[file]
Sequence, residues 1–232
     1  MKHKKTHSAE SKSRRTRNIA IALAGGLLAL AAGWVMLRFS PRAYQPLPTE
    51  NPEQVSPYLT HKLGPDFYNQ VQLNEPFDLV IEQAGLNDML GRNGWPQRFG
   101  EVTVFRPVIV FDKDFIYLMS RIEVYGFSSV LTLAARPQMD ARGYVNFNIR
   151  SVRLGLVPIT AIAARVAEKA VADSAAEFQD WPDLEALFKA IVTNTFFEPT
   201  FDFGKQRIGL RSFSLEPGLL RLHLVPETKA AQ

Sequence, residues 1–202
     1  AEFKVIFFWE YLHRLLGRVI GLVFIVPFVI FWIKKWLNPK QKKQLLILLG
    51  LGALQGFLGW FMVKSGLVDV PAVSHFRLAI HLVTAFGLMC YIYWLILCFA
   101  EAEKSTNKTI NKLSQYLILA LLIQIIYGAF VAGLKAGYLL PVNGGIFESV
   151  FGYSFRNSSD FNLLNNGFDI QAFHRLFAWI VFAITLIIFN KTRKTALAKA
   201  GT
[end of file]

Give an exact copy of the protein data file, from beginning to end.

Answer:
Sequence, residues 1–232
     1  MKHKKTHSAE SKSRRTRNIA IALAGGLLAL AAGWVMLRFS PRAYQPLPTE
    51  NPEQVSPYLT HKLGPDFYNQ VQLNEPFDLV IEQAGLNDML GRNGWPQRFG
   101  EVTVFRPVIV FDKDFIYLMS RIEVYGFSSV LTLAARPQMD ARGYVNFNIR
   151  SVRLGLVPIT AIAARVAEKA VADSAAEFQD WPDLEALFKA IVTNTFFEPT
   201  FDFGKQRIGL RSFSLEPGLL RLHLVPETKA AQ

Sequence, residues 1–202
     1  AEFKVIFFWE YLHRLLGRVI GLVFIVPFVI FWIKKWLNPK QKKQLLILLG
    51  LGALQGFLGW FMVKSGLVDV PAVSHFRLAI HLVTAFGLMC YIYWLILCFA
   101  EAEKSTNKTI NKLSQYLILA LLIQIIYGAF VAGLKAGYLL PVNGGIFESV
   151  FGYSFRNSSD FNLLNNGFDI QAFHRLFAWI VFAITLIIFN KTRKTALAKA
   201  GT